Is your son or daughter getting ready to head off to college, but doesn’t know what they want to major in? Whether you grew up on a farm, are an active member of your local 4-H club, or maybe your child is simply interested in how crops and livestock are raised, an agriculture major might pique their interest.
Ag careers, which often include forestry-related roles, run the gamut from hands-on manual labor in the field to the academic where scientists toil in labs and greenhouses amid soil. Plants and livestock to figure out best practices for the production of food and other products.
In addition to your general education courses, you’ll likely start with general science courses such as biology, chemistry and physics. Then depending on what specialty you branch off into, you’ll explore those sciences from that perspective like biology for instance if you want to become a botanist, or animal biology if you’d like to stick to furry and feathered agricultural subjects.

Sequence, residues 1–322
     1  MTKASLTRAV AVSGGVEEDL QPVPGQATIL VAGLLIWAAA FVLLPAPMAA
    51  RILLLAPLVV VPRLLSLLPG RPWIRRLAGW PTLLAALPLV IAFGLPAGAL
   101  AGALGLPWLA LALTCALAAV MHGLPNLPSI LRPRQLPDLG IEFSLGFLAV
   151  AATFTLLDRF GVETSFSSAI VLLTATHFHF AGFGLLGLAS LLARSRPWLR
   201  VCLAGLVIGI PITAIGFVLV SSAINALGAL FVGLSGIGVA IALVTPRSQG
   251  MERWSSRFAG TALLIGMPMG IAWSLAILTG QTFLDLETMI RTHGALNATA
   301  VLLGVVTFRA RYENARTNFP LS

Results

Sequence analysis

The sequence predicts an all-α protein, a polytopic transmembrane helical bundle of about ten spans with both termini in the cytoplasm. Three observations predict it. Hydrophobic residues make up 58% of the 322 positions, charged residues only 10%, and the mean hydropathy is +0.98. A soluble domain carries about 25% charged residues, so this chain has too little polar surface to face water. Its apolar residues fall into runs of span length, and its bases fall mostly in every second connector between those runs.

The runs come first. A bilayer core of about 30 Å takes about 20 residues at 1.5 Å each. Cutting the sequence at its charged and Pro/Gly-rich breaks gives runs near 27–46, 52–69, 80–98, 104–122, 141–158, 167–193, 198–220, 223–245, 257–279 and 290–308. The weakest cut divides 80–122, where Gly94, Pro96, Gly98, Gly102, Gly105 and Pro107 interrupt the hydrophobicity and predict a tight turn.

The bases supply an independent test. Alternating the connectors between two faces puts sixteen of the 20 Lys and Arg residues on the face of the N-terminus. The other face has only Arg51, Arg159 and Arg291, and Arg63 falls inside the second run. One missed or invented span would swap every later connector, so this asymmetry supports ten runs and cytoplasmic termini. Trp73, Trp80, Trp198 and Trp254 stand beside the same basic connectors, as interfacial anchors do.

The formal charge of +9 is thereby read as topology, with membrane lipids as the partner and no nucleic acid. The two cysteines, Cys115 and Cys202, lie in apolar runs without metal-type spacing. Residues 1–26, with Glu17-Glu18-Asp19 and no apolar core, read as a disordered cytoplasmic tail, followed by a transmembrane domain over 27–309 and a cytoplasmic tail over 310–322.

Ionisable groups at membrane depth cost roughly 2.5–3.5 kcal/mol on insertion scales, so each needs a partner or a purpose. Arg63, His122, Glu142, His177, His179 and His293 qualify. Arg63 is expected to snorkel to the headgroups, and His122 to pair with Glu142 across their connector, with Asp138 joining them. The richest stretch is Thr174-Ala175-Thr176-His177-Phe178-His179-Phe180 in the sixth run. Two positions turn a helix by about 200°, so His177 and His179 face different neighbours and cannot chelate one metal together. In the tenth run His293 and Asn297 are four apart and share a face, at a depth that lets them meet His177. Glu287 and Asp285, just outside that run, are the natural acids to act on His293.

Those interested in agricultural engineering will need to take engineering principles and math courses, while general business courses will prove helpful if you plan to one day run a farm, fishery or ranch.
Students who major in agriculture tend to have at least a small bit of history in the agriculture field. So when you're in your major specific class, you will always have someone to talk to. Maybe there is someone who you know who was in FFA or 4-H with you. Maybe you and the person who sits in front of you both grew up on a farm. No matter who you sit next to or who you talk to, you'll always be able to find a friend when majoring in agriculture because you all share the same passion for the field.
Majoring in agriculture and having an agriculture career can be a challenge. At times, it can be a downright struggle. Worrying about money, figuring out how to handle a bad crop season or simply trying to convince your parents why this major is the right one for you. No matter what challenges you may face, being in the agriculture field is truly amazing because you know the work you are doing is making a difference in the lives of others.
You may be discovering new techniques for harvesting, creating new technology or simply feeding a hungry mouth. No matter what you do in the agriculture field you are always touching the lives of others and making a difference in our country and our world.
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